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Canadian Association of the Deaf

[vc_row][vc_column][vc_column_text]10 November 2020                                                                         For immediate release


Ottawa (ON) – Including people with disabilities in the research, development, and marketing of accessibility technologies can be the difference between the failure and success of those technologies, according to a new study by the Canadian Association of the Deaf – Association des Sourds du Canada (CAD-ASC).

“Unfortunately, this kind of involvement doesn’t happen often,” laments Jim Roots, executive director of CAD-ASC. “Usually, what happens is that people who don’t have disabilities will create devices and technologies that they think will be useful for us. They are often wrong, because they haven’t bothered to ask us what we want.”

The consequence is that years of work and money can be wasted creating technologies that people with disabilities don’t want, can’t afford, or won’t use.

CAD-ASC hired two research groups to undertake the study: David Berman Communications Inc., a leading international accessible design team based in Ottawa, and the Deaf Wireless Canada Consultative Committee, a national body dedicated to equality in wireless accessibility and affordability for Canadians who are Deaf, Deaf-Blind, and hard of hearing.

The project was funded in part by the Office of Consumer Affairs in the Ministry of Innovation, Science, and Economic Development Canada. The project’s goal was to strengthen marketplace attention to Canadians with communication disabilities and remove barriers to their participation in that marketplace.

“When designed properly, with the full involvement of people with disabilities, new technology can benefit us in the same way it benefits the general population,” added Roots. “The current pandemic has opened everybody’s eyes to the terrific accessibility provided by video-conferencing.

“For years, Deaf people have been using video calls as our version of phoning because these calls allow us to communicate through sign language. Now everybody realizes video-conferences are the great equalizer in phone technology: add a qualified sign language interpreter on video remote, take two minutes to explain how it works, and then we’re all on a level playing-field.”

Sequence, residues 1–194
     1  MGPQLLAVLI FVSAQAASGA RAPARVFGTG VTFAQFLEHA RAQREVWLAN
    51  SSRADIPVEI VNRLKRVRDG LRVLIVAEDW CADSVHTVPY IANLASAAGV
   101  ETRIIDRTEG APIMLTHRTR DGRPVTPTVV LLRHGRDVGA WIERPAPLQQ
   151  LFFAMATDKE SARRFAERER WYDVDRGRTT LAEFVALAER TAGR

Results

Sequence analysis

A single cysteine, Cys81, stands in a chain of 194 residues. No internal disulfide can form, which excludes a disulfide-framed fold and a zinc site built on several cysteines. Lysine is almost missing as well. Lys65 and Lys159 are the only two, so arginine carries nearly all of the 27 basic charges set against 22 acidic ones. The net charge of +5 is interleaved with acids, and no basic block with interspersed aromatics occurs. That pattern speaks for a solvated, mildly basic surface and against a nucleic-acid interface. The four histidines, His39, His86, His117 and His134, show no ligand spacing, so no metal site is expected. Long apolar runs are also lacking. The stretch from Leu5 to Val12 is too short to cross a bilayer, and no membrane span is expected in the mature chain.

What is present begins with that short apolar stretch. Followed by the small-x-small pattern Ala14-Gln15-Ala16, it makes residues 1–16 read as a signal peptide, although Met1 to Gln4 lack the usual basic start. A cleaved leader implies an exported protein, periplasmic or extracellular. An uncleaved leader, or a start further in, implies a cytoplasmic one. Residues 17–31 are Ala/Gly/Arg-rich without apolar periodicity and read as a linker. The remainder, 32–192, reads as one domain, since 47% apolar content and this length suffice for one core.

The Canadian Association of the Deaf – Association des Sourds du Canada is the national information, research, and community action organization of Deaf Canadians. Its mandate is to protect and promote the rights, needs, and concerns of Deaf people in Canada. Founded in 1940, it is the oldest national-level disabled consumer organization in the country.

For more information, contact Jim Roots, Executive Director, via email at jroots@cad.ca, or visit www.cad.ca .[/vc_column_text][/vc_column][/vc_row]

01 Comment
    • Can you suggest a source of enhanced telephone technology? I have a fairly good quality hearing aid, but find telephone use difficult and frustrating. The main problems are static and other unwanted sounds that seem to originate sometimes with my phone (Vtech model SN5 147), but possibly more often with transmission from caller’s phone (e.g. smart phones, head phones). My phone does have an ‘audio assist’ button, but frequently that simply enhances an underlying hum.

      I have enquired about the possibility of acquiring a phone like the model that I have, but with a jack for head phones/speakers, but that does not seem to be possible. I do find that I hear better on zoom calls, but not everyone is likely to have zoom technology on hand when I need it!

      From your website I gather that CAD is primarily an advocacy and research organization. So perhaps you do not provide the kind of information I am searching for. If that is the case, can you guide me to an organization that could address my questions without trying to sell me a service or a piece of equipment.

      Yours truly,
      Paul Pross

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